- Electrical: Electrical system
- 1stFlrSF: First Floor square feet
- 2ndFlrSF: Second floor square feet
- LowQualFinSF: Low quality finished square feet (all floors)
- GrLivArea: Above grade (ground) living area square feet
- BsmtFullBath: Basement full bathrooms
- BsmtHalfBath: Basement half bathrooms
- FullBath: Full bathrooms above grade
- HalfBath: Half baths above grade
- Bedroom: Number of bedrooms above basement level
- Kitchen: Number of kitchens
- KitchenQual: Kitchen quality
- TotRmsAbvGrd: Total rooms above grade (does not include bathrooms)
- Functional: Home functionality rating
- Fireplaces: Number of fireplaces
- FireplaceQu: Fireplace quality
- GarageType: Garage location
- GarageYrBlt: Year garage was built
- GarageFinish: Interior finish of the garage
- GarageCars: Size of garage in car capacity
- GarageArea: Size of garage in square feet
- GarageQual: Garage quality
- GarageCond: Garage condition
- PavedDrive: Paved driveway
- WoodDeckSF: Wood deck area in square feet
- OpenPorchSF: Open porch area in square feet
- EnclosedPorch: Enclosed porch area in square feet
- 3SsnPorch: Three season porch area in square feet
- ScreenPorch: Screen porch area in square feet
- PoolArea: Pool area in square feet
- PoolQC: Pool quality
- Fence: Fence quality
- MiscFeature: Miscellaneous feature not covered in other categories
- MiscVal: $Value of miscellaneous feature
- MoSold: Month Sold
- YrSold: Year Sold
- SaleType: Type of sale
- SaleCondition: Condition of sale
Let’s begin :
### importing required libraries import pandas as pd import sweetviz ### reading training dataset train = pd.read_csv("train.csv") ### reading testing dataset test = pd.read_csv("test.csv")
Let’s analyze our dataset using Sweetviz Library :
my_report = sweetviz.analyze([train, "Train"],target_feat='SalePrice')
Here “sweetviz.analyze()” is just a function that analyzes the data frame and we have to pass the target feature as a parameter. Always remember the parameters should be in form of a list. You can check out the documentation and play with different parameters.
Let’s see the whole report :
### create a whole report in form of HTML file my_report1.show_html('Report.html')
Whenever you will hover on a particular feature, it will show full detail about that feature. I hover on the dependent feature and look at what I got.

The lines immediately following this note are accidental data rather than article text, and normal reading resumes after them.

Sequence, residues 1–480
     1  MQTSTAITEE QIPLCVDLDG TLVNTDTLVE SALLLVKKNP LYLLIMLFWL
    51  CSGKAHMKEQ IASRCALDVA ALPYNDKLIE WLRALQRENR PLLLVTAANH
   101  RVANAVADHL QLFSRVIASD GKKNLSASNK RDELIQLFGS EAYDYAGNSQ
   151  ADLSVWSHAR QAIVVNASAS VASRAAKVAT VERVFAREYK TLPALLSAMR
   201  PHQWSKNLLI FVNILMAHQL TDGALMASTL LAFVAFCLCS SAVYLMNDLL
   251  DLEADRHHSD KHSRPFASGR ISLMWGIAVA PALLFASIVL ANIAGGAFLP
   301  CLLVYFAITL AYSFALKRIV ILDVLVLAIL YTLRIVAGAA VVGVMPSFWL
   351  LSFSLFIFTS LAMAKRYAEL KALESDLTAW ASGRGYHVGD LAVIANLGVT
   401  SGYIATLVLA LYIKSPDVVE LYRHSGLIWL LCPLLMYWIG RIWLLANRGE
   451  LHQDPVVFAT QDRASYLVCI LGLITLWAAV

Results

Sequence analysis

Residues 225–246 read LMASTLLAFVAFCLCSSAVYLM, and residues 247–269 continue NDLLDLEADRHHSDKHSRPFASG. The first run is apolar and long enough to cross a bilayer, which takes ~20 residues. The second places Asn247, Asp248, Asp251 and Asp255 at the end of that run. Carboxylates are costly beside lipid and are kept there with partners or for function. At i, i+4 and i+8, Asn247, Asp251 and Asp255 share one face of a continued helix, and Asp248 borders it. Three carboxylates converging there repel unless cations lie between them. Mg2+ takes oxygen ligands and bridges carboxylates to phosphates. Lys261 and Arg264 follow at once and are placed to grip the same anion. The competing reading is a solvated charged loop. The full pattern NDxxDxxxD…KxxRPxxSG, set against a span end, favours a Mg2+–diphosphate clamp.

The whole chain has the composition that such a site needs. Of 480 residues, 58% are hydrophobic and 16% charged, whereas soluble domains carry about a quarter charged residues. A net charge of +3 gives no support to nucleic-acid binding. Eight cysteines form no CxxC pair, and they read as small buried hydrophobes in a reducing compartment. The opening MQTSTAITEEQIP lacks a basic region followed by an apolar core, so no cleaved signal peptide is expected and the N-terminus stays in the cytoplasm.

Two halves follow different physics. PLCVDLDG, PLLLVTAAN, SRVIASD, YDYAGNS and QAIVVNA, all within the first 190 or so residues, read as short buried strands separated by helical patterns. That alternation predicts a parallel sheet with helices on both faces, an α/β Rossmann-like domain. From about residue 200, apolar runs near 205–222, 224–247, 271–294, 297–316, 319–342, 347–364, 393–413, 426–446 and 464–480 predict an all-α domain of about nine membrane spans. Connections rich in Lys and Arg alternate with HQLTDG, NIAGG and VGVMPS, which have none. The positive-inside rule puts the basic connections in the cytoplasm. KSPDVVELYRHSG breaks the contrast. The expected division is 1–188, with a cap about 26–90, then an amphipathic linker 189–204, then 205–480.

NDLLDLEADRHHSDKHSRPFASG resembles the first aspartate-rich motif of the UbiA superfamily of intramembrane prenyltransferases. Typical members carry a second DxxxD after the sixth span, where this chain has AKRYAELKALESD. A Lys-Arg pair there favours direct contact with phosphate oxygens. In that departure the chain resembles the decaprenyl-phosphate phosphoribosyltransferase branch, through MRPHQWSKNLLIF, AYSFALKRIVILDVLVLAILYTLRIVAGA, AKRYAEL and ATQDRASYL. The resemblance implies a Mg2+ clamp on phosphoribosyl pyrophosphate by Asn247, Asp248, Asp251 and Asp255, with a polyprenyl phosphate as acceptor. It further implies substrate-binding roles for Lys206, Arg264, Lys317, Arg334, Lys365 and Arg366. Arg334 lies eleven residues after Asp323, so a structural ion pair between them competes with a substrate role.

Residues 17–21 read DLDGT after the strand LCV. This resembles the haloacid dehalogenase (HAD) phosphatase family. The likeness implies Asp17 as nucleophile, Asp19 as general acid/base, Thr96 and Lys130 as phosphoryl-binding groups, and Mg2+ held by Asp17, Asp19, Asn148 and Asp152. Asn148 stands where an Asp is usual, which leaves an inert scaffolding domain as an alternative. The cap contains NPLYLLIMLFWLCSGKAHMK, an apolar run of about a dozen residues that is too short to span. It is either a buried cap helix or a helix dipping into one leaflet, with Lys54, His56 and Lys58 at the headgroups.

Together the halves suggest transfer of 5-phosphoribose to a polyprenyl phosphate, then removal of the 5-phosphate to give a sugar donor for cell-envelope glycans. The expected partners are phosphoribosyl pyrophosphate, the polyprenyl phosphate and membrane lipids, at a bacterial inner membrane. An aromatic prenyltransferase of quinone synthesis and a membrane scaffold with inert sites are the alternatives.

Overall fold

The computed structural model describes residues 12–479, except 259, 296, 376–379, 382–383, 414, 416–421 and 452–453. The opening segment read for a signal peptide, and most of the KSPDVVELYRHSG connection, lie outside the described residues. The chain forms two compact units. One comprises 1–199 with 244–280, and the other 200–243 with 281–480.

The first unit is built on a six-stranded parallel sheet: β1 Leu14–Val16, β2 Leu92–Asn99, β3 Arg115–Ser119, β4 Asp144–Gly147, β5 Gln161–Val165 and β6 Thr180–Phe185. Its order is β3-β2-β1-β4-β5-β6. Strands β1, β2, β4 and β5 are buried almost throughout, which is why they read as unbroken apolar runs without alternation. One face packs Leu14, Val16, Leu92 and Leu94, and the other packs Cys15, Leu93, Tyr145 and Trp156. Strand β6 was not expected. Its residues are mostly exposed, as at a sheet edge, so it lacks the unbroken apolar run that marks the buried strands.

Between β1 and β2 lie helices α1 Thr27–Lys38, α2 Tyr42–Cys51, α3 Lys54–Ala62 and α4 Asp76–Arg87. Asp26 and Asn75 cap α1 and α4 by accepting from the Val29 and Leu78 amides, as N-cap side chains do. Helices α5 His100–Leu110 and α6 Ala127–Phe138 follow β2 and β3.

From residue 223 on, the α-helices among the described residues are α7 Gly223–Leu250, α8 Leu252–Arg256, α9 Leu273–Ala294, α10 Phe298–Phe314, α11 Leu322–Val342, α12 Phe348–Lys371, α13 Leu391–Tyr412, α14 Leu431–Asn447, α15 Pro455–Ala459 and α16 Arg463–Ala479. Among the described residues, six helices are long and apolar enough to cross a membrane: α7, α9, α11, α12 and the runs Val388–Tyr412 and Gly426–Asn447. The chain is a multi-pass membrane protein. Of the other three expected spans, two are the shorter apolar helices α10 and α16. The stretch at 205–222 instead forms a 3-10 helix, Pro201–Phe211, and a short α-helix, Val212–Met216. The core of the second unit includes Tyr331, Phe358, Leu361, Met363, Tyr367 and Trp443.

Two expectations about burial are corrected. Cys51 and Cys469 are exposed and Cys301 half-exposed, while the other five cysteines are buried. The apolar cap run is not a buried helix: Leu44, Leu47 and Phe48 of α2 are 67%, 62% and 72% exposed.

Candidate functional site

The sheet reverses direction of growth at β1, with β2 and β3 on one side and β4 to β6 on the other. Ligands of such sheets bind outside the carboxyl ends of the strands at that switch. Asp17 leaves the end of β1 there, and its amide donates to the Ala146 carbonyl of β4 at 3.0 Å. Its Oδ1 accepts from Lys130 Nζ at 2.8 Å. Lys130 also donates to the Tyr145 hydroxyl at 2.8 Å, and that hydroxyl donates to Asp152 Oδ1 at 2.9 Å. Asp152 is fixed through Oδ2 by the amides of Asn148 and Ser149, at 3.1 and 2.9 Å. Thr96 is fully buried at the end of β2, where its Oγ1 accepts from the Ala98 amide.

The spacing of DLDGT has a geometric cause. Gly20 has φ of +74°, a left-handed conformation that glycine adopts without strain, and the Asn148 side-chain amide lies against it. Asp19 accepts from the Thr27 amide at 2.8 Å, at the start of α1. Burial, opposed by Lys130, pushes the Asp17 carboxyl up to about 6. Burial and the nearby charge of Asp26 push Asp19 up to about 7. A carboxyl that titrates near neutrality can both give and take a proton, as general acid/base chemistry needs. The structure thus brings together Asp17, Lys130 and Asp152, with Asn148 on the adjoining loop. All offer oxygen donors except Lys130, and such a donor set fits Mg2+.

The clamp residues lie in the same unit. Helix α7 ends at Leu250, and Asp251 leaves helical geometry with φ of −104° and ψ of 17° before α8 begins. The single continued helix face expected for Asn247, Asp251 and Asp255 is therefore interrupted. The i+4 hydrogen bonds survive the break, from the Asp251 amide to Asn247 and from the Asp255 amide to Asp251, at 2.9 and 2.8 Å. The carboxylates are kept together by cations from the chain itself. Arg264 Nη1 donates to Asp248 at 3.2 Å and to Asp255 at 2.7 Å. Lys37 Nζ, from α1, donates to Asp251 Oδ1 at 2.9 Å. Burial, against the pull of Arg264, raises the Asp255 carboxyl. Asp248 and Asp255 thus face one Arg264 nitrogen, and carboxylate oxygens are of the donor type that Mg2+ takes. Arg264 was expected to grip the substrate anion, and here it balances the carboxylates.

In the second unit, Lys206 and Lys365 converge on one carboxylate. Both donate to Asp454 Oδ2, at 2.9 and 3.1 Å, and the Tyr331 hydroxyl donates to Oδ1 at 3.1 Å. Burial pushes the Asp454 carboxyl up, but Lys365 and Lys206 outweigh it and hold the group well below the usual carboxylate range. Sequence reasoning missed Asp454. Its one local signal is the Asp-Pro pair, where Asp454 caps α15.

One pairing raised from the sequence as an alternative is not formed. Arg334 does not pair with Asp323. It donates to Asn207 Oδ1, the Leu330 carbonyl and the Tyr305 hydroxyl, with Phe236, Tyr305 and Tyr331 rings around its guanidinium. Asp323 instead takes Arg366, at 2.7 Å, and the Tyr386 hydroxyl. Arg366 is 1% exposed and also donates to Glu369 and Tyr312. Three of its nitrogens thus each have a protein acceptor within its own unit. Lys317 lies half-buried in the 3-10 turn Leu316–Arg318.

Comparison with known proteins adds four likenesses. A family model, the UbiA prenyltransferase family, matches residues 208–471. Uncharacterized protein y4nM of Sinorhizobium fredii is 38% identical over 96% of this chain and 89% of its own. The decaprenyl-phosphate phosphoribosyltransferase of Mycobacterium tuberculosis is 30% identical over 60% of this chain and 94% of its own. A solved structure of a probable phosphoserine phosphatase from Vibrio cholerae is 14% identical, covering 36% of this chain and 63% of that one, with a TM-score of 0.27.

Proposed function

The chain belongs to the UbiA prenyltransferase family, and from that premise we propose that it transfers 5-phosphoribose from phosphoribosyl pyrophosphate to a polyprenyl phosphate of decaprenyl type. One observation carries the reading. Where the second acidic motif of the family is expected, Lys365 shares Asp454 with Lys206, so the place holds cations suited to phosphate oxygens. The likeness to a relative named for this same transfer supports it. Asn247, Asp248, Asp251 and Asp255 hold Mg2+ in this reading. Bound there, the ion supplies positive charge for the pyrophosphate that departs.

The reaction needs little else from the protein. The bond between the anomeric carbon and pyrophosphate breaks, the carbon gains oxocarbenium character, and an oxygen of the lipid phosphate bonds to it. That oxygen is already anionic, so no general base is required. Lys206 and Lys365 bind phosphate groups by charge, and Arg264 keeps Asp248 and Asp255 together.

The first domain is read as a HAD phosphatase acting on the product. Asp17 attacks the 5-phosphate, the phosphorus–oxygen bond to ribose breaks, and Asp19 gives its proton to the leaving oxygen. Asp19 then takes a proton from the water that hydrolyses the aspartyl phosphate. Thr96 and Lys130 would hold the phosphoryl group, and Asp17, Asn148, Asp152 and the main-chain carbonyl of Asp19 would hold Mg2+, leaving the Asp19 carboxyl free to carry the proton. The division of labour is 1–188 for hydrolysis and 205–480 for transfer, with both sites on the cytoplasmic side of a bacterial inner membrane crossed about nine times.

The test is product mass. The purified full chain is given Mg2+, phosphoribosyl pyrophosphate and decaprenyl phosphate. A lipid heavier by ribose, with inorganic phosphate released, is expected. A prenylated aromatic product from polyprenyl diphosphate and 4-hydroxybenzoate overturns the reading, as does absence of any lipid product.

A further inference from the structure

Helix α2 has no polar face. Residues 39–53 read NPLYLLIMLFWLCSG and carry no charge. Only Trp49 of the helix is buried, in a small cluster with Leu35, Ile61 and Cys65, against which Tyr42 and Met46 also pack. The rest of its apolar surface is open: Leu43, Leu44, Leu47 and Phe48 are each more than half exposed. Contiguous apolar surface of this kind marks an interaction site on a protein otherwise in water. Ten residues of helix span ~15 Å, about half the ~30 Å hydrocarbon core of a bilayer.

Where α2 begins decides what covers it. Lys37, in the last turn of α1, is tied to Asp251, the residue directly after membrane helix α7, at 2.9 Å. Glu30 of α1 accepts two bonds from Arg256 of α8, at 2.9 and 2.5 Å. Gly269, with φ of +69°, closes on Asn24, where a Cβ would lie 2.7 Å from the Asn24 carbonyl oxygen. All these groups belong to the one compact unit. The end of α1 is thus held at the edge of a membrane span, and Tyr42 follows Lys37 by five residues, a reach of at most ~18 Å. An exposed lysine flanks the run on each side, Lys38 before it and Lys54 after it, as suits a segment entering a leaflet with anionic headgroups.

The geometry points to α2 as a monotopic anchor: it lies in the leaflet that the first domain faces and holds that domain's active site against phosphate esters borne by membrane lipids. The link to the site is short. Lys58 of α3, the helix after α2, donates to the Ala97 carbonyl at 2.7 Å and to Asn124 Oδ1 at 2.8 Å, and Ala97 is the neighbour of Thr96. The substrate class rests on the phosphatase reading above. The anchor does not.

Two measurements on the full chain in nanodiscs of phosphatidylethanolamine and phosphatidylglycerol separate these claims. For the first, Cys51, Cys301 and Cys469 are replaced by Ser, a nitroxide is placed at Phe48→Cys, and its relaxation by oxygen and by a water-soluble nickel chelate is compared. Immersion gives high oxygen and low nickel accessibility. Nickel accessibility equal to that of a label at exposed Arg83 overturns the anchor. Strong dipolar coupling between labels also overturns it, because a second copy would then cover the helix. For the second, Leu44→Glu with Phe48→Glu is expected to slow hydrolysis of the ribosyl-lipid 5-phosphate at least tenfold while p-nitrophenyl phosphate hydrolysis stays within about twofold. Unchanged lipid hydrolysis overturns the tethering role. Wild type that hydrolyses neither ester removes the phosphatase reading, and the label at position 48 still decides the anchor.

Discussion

Here dependent feature is highlighted in black color and on the right-hand side full information about the dependent variable is mentioned. All the information about the dataset is basically shown in this HTML file. If our input features are numeric features then sweetviz will show these details.
In the case of categorical features, it will show these details.
Association: Hovering our mouse over the “Associations” button in the summary will make the Associations’ graph appear on the left-hand side.
Here in this problem statement, we are using a huge dataset and it took only somewhere around 10 to 12 seconds to visualize the whole dataset.
Let’s compare the Training and Testing dataset using Sweetviz :
### in case of testing data pass seperate list for testing data as parameter my_report1 = sweetviz.compare([train, "Train"], [test, "Test"], "SalePrice") my_report.show_html('Report2.html')
For your better understanding, I have added long screenshots. In the case of comparing training and testing data each and every feature is compared with testing data. Whenever you will perform it practically that time you will understand it in a better way.
It easily gives us a significant jump-start when you start looking at a new dataset. It’s worth pointing out I also find it useful later in the analysis process, for example during feature generation, to get a quick overview of how new features play out.
I hope you enjoyed this article. Any question? Have I missed something? Please reach out on my LinkedIn or drop a response below. And finally, … it doesn’t go without saying,
Thank you for reading!
SweetViz Library is an open-source Python library that generates beautiful, high-density visualizations to kickstart EDA with just two lines of code.